I spend a lot of time talking about block trades. These are the huge trades that show up on your options volume screeners, typically in increments of 1,000 or bigger, explains options expert Jay Soloff, editor of the industry-leading Options Profit Engine.
They can be unusual volume in a normally lightly traded name, or they may be very big trades which occur in high volume names (such as index ETFs).
Options analysts like to look at block trades to see where the action is. Usually very big trades are executed by traders with abundant capital. Of course, lots of capital usually means access to copious amounts of research as well. In other words, block trades are often done by people who have very good information.
Many times, the reasons behind these really big trades are easy to figure out. Hey, someone bought 20,000 calls in Apple (AAPL), it’s probably going up! Or, sheesh, someone bought 50,000 puts in SPDR S&P 500 ETF (SPY), it’s probably a hedge against a correction!
Other times, trying to figure out the purpose of a block trade can be a puzzle. Sometimes, you never know what the traders are trying to accomplish. It’s not like we are seeing the actual trading books of these traders… just one big trade at a particular point in time.
Still, there is a lot that can be gleaned from watching block trades, especially in stocks and ETFs which don’t trade that often. They may give you an idea of where the underlying asset is headed or if volatility is going to pick up, among other things.
Here’s a very interesting block trade I came across this week…
The trade involved the purchase of over 20,000 puts on Invesco Emerging Markets Sovereign Debt ETF (PCY). Now, an emerging market debt fund may not sound all that interesting to you, but there are some very unusual factors to consider regarding this trade.
First off, PCY is a fund that buys government debt in emerging market countries. It’s got about $4.5 billion in assets, making it the second largest ETF in this space. However, the largest fund in the emerging market debt space is far bigger. In fact, iShares JP Morgan USD Emerging Market Bond ETF(EMB) has $12.5 billion in assets.
And that’s not all…
Not only is EMB the more popular fund, it’s also much more heavily traded. Average daily options volume in EMB is about 10,500. In PCY, the average is 8. That’s right… 8 options per day. When over 25,000 options trade in one day in an ETF that normally averages 8, it definitely draws attention.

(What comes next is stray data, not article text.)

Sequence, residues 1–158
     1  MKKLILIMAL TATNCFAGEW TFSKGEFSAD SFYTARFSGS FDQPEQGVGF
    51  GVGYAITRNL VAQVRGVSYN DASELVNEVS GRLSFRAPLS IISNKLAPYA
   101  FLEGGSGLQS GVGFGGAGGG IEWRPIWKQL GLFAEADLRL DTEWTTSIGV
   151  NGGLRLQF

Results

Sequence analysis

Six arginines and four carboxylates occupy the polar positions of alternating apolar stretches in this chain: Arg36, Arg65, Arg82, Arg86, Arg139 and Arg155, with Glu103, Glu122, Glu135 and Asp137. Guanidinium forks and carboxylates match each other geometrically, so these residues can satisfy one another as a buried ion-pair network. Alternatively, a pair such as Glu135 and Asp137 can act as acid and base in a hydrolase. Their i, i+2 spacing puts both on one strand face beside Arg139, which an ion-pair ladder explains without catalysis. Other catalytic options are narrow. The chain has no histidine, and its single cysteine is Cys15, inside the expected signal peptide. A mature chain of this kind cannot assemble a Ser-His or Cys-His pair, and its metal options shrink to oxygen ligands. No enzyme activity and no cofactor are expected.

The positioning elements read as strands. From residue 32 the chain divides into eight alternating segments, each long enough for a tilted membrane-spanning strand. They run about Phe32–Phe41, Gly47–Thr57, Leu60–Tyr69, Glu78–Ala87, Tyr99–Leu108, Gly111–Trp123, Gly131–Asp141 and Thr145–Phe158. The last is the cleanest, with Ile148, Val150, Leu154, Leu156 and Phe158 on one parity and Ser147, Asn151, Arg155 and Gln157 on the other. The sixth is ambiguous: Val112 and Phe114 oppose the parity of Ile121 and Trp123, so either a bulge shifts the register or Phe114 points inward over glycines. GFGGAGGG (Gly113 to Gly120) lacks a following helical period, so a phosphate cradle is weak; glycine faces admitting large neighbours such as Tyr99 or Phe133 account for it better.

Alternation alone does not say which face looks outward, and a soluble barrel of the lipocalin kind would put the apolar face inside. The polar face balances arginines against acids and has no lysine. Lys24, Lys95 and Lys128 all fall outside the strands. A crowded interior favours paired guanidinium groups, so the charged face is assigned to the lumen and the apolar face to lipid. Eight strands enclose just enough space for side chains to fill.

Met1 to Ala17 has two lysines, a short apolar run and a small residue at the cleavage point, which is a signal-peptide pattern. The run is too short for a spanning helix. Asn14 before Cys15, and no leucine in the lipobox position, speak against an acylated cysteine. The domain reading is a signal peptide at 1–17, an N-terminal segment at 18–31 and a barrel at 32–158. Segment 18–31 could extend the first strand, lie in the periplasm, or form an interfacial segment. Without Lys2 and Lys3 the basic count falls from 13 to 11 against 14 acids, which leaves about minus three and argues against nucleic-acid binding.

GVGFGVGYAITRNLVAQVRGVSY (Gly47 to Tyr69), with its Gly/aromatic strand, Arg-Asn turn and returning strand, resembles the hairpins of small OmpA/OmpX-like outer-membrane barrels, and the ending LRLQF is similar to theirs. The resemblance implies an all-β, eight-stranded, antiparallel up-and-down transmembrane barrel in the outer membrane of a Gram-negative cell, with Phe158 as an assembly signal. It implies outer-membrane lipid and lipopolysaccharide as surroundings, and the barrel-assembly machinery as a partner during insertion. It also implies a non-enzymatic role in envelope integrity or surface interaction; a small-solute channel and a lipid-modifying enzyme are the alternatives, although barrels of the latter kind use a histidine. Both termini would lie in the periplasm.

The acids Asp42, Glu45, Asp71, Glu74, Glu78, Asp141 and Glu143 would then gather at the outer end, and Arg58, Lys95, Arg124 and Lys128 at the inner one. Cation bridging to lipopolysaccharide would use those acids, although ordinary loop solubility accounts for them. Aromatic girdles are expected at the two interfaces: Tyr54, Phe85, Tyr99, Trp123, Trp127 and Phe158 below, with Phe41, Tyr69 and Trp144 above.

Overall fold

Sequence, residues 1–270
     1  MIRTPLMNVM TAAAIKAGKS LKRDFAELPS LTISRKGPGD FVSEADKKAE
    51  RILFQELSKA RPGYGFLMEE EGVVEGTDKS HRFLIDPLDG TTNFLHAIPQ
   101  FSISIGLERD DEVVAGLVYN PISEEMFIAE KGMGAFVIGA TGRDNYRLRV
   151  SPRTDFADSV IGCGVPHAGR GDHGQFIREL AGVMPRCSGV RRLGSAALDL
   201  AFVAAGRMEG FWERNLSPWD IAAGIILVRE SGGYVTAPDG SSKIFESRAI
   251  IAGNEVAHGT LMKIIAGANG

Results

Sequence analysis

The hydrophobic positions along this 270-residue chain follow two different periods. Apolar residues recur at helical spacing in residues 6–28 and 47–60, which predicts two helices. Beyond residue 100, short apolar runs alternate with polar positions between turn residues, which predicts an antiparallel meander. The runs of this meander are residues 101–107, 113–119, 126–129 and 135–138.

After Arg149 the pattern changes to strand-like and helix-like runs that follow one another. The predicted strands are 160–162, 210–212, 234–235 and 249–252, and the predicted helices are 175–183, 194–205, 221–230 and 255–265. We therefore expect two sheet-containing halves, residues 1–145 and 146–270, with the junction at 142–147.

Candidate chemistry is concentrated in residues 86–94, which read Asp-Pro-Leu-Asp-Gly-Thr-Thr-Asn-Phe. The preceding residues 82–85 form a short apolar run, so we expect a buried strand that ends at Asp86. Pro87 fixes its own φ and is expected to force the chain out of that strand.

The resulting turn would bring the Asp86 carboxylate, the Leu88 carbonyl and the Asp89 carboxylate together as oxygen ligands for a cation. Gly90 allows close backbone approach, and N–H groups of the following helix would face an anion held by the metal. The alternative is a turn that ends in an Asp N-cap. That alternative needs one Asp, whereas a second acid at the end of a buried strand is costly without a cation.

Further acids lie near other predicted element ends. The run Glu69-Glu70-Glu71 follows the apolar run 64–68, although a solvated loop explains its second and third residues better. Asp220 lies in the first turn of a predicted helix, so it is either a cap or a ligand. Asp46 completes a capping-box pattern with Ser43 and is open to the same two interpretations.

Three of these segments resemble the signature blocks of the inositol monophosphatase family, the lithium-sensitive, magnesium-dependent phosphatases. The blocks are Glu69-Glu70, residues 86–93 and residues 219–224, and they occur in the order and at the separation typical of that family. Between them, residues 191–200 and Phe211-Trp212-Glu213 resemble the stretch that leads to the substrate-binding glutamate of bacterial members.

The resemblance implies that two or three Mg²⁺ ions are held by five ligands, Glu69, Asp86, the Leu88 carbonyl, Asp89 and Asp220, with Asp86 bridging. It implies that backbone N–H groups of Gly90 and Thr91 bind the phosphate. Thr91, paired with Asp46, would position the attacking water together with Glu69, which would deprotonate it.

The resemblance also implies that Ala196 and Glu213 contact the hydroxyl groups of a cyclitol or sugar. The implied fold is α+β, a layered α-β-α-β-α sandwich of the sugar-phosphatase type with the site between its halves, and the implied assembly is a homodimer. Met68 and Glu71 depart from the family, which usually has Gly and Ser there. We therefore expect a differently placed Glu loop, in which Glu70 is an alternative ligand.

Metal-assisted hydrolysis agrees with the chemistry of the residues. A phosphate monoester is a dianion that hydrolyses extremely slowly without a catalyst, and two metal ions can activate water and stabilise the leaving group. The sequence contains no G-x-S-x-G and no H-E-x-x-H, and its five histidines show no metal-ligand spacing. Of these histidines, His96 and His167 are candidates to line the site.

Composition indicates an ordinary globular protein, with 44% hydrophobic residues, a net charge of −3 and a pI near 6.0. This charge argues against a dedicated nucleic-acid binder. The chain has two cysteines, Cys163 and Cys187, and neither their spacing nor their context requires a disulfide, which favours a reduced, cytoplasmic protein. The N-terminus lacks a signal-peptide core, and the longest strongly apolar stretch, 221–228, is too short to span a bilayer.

In this case, it wasn’t actually one huge block trade, but several smaller blocks of the September 27 puts (with the stock around $27.25). When you have a name like PCY which isn’t liquid in options, you may see the trade broken into many smaller parts to get it filled. And sure enough, there were lots of pieces traded, from roughly 200-lots up to 1000, with prices ranging from around $0.60 to $0.80… mostly purchases.
This would lead us to believe the trader (or traders) think the ETF is going down by the end of the summer. That in turn means there’s a fair amount of money (something like $1.5 million) betting that emerging market government bonds are going to take a hit in the coming weeks. You can see form the chart that PCY has been on a sharp run higher the last week or so.
This leads to several questions…
If it’s a hedge against a downturn in emerging market debt, why not use the much more liquid EMB options? For that matter, even from a speculation standpoint, you could probably get better fill prices on EMB options. Their implied volatilities were about the same at the time of the trades, so it doesn’t seem to be a relative value proposition.
I can think of two reasonable explanations, although I’m sure there are others I’m not considering. First off, the trade could have to do with the actual bond holdings of the particular ETFs. On the surface, it looks like PCY and EMB have similar exposure to countries and credit ratings groups. But, drilling down may show one has more or less exposure to a potential default candidate.
(For the bond nerds out there, EMB does have quite a bit shorter duration than PCY, but that’s probably not much of a difference maker. Perhaps more importantly, EMB has over 400 bonds in its portfolio while PCY has just over 100.)
The other potential explanation is more nebulous. Perhaps there’s something about the actual structure of the PCY ETF which is amiss.
It may be that someone very smart has figured out that given the structure of the bond portfolio, the ETF price should be lower than it is. That’s not the sort of thing I can prove, but we should know by September if PCY drops more than EMB.
No matter the reason, it may not be a bad idea to take a flier on PCY puts, especially if you’re bearish on emerging market debt.
After all, we have all kinds of tariffs to consider which could hurt emerging market countries. And, the debt problems in Italy could spill over into emerging market bonds as well. For under $0.75 a put, it’s not a bad gamble to make for those looking at something a bit more speculative to trade.